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The benefits of feeding seaweed to animals

Organic farming produces less emissions, but produces less food

In October 2019 the Organic Research Centre published findings of research showing that 

"A 100% shift to organic farming in England and Wales would yield up to 40% less food if the nation did not change its diet, leading to increased imports and a net increase in greenhouse gas emissions, researchers have found. The study, published in Nature Communications was principally conducted by Dr Laurence Smith, whilst at Cranfield University (now of the Royal Agricultural University) and supported by the Organic Research Centre, with Professor Guy Kirk and Dr Adrian Williams of Cranfield University and Philip Jones of Reading University. So although organic farming generally creates lower geenhouse gas (GHG) per commodity, up to 20% lower for rops and 4% lower for livestock, it also produces less food energy output per hectare.

Dr Adrian Williams, Reader in Agri-Environmental Systems at Cranfield University says, “We predict a drop in total food production of 40% under a fully organic farming regime, compared to conventional farming, if we keep to the same national diet. This results from lower crop yields, because yields are restricted by a lower supply of nitrogen, which is mainly from grass-legume leys within crop rotations or manure from cattle on pasture.”

By way of response, Rob Percival, head of food policy at the Soil Association said; “The study recognises the greater potential for soil carbon sequestration under organic, plus benefits for local biodiversity. The assumptions behind the study’s conclusion that there will be a net increase in greenhouse gas emissions under organic are fundamentally flawed. The study assumes no change in diet, which is clearly untenable given the global dietary health crisis, and that we would keep diverting most of our cropland to over-production of the wrong things – livestock feed, commodity crops for processed food and biofuels. We’ve known for years that dietary change – a move towards ‘more and better’ plants and ‘less and better’ meat – will benefit the public’s health and free up land, making an organic scenario entirely feasible. In particular, we need to stop feeding so many crops to animals – 58% of cereals and 68% of oilseed crops currently – this means eating less intensively produced grain-fed poultry and pork.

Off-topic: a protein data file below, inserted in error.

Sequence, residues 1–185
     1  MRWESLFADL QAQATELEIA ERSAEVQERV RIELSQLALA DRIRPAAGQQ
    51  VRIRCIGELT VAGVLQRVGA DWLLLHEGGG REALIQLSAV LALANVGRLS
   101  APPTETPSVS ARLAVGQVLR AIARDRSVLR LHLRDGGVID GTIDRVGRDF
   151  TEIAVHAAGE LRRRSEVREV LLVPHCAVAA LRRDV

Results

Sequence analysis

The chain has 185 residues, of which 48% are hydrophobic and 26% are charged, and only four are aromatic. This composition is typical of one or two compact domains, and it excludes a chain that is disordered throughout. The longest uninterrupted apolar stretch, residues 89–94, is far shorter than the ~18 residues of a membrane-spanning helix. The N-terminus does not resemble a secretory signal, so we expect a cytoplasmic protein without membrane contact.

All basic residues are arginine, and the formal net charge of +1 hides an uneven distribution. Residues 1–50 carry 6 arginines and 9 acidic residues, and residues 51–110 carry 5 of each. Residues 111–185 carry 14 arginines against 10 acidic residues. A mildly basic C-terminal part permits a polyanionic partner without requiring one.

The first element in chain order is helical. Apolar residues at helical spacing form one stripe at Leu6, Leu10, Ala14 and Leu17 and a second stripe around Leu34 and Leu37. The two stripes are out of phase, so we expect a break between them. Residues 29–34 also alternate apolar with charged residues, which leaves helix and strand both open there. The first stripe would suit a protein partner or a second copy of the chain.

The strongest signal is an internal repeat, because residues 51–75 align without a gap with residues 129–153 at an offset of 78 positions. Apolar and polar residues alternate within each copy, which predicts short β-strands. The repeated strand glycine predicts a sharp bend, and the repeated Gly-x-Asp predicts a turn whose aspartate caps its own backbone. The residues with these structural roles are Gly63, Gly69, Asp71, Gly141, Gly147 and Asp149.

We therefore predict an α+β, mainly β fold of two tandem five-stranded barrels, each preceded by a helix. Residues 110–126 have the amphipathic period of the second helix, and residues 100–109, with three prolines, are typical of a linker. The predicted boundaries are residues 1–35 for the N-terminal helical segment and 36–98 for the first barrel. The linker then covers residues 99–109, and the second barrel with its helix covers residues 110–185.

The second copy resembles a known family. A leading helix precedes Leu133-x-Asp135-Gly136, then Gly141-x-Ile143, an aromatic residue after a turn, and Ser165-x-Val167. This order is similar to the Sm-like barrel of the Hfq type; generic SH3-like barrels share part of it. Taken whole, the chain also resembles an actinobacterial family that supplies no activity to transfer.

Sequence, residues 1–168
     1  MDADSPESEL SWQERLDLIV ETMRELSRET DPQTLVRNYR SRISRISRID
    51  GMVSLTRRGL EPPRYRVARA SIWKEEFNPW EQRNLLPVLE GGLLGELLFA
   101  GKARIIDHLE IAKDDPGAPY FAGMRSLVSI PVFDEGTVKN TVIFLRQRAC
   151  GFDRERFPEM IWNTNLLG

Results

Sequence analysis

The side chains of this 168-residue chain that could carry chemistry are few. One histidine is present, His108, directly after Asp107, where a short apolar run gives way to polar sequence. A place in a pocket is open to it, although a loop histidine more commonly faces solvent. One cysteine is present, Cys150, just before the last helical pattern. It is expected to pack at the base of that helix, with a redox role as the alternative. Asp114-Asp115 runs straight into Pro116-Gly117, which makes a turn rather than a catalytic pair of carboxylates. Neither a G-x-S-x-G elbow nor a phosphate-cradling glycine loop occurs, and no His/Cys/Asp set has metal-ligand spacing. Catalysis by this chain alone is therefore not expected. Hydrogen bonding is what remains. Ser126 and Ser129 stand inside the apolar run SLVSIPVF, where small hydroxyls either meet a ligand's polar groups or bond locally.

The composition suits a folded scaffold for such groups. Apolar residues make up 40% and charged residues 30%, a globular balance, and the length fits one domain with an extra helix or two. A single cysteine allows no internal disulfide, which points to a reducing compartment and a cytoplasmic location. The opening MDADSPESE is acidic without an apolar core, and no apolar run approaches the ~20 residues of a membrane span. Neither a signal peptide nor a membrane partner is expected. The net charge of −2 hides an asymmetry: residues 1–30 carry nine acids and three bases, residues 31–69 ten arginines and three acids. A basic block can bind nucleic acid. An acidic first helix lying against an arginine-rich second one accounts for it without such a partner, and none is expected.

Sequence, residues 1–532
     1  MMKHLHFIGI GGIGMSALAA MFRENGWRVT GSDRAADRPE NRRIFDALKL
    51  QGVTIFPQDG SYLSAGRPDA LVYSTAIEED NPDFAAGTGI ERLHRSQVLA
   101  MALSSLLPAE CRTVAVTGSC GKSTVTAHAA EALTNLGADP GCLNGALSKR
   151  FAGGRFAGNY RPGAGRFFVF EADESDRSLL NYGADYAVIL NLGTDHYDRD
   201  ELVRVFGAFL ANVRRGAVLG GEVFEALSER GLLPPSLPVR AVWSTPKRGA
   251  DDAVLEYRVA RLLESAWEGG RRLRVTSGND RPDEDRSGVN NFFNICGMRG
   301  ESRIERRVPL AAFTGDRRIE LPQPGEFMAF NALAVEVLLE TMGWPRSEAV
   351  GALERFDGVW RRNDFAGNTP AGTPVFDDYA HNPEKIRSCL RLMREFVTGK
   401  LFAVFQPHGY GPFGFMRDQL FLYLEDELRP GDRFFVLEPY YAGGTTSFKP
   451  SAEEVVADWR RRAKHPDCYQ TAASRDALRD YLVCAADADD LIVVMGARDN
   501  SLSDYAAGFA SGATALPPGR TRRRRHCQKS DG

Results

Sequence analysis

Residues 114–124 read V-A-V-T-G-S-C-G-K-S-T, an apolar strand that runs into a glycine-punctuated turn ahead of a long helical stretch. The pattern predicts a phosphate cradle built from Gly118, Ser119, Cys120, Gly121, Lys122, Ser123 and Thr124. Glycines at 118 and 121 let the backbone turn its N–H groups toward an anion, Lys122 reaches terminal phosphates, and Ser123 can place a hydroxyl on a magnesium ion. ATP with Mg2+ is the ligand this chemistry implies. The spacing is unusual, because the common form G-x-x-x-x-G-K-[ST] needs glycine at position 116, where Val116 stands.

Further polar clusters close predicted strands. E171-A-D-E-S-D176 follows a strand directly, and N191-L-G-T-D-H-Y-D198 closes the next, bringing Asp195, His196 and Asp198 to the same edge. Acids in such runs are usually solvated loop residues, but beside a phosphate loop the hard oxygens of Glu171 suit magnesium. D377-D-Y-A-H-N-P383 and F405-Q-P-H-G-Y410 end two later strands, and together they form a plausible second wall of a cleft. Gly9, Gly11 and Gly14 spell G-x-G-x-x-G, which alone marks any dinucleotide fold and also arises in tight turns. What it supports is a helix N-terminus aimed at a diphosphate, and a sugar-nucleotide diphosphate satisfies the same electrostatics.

“The recent study from French thinktank IDDRI suggests that Europe could adopt 100% agroecological farming, akin to organic, and still feed a growing population a healthy diet, while protecting biodiversity and helping to meet net-zero targets for climate change. In the UK, over a hundred organisations and leading figures in food, farming, environment and health have backed the recommendation of the RSA’s Food, Farming and Countryside Commission that the UK commit to a 10-year transition to agroecology. This doesn’t mean the UK going 100% certified organic, but there is now widespread recognition that the inter-related crises of climate, nature and health demand a joined-up solution. An agroecological UK, with organic farming at its heart, is that solution.“

Seagreens® seaweed species fed to livestock helps obtain more nutritional value from feed materials and in the case of dairy reduces methane emissions. The production of the seaweed requires no land, fresh water or fertilisers, is organic, abundant, and replaces other, higher costs such as mineral licks and poor health.

The full tet of the report and responses can be found at this link:

Principally, the seaweed is used to:

  • Ensure the entire range of micronutrients vital to growth, performance and disease resistance without the attendant dangers of deficiency or toxicity which may accompany formulated feed additives
  • Increase beneficial bacteria and the condition of the gut to enhance immunity and the uptake of other feed nutrients particularly on low grade rations
  • Secure the nutritional balance most significantly for debility and recovery, fertility, reproduction, gestation and in the newborn, and during other periods of stress

“The benefits of feeding seaweed to animals seem out of all proportion to the apparent food value of the seaweed itself. Trace elements and growth hormones are probably involved, although the fact that seaweed modifies the intestinal flora of livestock may be chiefly responsible.

It may be that in modifying their intestinal bacteria to help them digest the seaweed, livestock are better able to exploit other ingreedients in their diet”
W. A. Stephenson, Seaweed in Agriculture and Horticulture, 3rd edition, Rateaver, California 1974.